Australia Using Tides To Generate Power
As the world population grows, and climate change progresses, non-renewable resources are put under increasing strain. As a result, there has been an increasing focus on creating power generation systems that are fully renewable, pollution free, and effective.
Of course, the usual suspects such as solar and wind energy have their place in the overall scheme of things. That being said, there is a new player in the renewable energy arena, and its name is wave power.
It only stands to reason that such systems would eventually be engineered into existence. The earth is over 70 percent water, with oceans and weather systems that circulate this liquid all over the globe. The planet also has an outsized moon, which generates tides of significant size and power. Thus, the power of the tides and waves is one of the most reliable and long lasting sources of energy available to mankind.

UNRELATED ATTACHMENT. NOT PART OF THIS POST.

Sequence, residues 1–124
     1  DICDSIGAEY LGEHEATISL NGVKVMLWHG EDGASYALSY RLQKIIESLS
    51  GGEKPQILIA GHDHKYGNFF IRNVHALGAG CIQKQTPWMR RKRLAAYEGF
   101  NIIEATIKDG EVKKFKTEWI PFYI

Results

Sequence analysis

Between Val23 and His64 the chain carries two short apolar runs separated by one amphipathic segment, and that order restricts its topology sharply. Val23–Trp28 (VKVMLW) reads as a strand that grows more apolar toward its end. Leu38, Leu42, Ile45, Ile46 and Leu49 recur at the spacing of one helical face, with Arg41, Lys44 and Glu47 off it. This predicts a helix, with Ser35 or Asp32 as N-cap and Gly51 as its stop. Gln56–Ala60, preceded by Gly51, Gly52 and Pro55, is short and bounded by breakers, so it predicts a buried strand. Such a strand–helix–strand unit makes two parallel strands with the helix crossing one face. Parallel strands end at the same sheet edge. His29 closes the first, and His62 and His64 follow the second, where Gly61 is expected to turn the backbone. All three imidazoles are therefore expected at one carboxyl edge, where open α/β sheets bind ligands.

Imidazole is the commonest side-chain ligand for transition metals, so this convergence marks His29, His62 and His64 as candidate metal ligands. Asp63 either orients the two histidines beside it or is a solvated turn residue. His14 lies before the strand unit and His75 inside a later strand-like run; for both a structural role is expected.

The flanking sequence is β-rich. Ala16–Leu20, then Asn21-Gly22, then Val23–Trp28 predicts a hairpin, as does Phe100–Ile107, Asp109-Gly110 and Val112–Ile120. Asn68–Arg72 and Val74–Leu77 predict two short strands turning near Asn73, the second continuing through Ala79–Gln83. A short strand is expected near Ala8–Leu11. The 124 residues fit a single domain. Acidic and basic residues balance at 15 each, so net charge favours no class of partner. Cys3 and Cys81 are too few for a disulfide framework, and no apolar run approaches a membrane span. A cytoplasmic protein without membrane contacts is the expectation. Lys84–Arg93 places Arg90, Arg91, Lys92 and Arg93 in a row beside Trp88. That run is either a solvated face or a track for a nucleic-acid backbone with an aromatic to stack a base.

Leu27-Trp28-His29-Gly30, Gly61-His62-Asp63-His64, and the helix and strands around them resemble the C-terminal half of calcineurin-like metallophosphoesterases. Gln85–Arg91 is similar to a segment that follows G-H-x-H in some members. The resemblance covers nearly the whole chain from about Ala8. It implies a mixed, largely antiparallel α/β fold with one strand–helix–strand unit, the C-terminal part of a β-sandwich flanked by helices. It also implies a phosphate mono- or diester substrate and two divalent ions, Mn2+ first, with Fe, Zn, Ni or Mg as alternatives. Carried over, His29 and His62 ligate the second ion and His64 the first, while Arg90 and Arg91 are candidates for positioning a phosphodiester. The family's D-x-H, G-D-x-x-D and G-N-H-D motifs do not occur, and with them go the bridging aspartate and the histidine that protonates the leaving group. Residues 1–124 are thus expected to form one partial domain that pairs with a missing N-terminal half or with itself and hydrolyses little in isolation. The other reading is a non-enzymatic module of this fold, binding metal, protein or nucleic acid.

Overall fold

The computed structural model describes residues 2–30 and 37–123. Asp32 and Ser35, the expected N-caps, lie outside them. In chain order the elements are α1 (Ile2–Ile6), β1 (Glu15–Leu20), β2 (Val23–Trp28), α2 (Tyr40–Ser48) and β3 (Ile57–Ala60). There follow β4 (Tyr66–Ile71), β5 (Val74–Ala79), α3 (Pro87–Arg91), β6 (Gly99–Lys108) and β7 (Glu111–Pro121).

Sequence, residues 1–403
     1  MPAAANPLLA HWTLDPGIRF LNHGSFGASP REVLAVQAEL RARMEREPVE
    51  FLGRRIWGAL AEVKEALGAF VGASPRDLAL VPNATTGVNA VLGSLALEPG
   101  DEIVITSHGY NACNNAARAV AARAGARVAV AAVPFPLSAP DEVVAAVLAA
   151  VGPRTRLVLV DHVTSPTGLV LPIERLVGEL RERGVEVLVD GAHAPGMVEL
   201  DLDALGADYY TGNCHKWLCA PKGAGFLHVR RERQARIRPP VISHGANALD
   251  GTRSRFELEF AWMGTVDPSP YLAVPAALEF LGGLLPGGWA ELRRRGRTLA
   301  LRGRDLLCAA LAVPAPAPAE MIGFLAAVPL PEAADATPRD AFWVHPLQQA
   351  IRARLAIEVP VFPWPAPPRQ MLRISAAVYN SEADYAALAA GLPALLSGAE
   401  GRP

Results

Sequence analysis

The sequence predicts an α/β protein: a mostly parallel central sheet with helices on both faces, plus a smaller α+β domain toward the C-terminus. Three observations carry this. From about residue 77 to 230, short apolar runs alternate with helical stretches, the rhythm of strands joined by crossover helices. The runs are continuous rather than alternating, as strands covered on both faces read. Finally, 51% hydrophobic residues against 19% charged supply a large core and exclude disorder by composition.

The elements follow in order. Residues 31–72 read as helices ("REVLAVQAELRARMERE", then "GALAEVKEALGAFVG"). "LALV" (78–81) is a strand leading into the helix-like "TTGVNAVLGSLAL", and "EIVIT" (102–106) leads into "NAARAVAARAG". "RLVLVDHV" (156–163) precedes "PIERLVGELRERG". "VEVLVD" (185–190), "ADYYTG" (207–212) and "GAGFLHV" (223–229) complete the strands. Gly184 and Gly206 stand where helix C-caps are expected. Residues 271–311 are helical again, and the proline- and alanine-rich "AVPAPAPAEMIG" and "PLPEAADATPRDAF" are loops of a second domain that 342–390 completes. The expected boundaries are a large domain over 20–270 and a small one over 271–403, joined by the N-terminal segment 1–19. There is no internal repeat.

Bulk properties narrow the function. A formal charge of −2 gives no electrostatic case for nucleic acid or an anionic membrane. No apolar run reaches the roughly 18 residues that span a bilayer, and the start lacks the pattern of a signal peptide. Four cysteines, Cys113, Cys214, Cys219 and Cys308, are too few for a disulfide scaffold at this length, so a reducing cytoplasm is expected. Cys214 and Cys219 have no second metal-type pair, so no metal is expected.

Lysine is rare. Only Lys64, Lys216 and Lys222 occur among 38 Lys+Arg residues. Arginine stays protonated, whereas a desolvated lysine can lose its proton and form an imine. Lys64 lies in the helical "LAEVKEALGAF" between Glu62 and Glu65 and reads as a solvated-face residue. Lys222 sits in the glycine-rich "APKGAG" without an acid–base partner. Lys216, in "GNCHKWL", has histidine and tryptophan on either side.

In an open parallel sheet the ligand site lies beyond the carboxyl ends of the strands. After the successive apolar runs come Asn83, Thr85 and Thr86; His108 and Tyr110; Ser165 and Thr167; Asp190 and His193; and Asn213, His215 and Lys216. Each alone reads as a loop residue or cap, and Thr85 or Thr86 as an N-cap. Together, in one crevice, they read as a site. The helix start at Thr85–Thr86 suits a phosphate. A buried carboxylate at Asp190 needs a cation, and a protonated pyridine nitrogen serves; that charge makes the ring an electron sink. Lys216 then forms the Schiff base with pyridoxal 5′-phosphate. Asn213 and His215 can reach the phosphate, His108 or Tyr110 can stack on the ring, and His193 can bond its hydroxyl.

The wave experts at Carnegie Wave Energy certainly agree with this assessment, as is illustrated by their newest wave energy offering known as CETO 5.
This project is named after an ancient Greek sea goddess, and offers the latest in wave energy translation technology. The project is built around a fairly easy to understand system that involves huge buoys, pumps, pressurized water, electric turbines, and desalination modules.
It works like this: Modular buoys are completely submerged and tethered to high pressure water pumps which are mounted on the ocean floor. As the buoys are moved by waves and tides, they pull on the tethers. These tethers then drive the pumps, which move high pressure water through special tubes to an onshore power generation center. Here, the high pressure fluid powers electrical turbines, which produce copious amounts of current.
At the same time, some of the water is moved to desalination tanks, and thus this system ingeniously produces not just emissions-free electricity, but clean and potable water at the same time.
This new system has been providing some power to Australia’s largest naval base for some weeks now. If it lives up to its considerable promise, this modern wonder may just end up in a bay near you.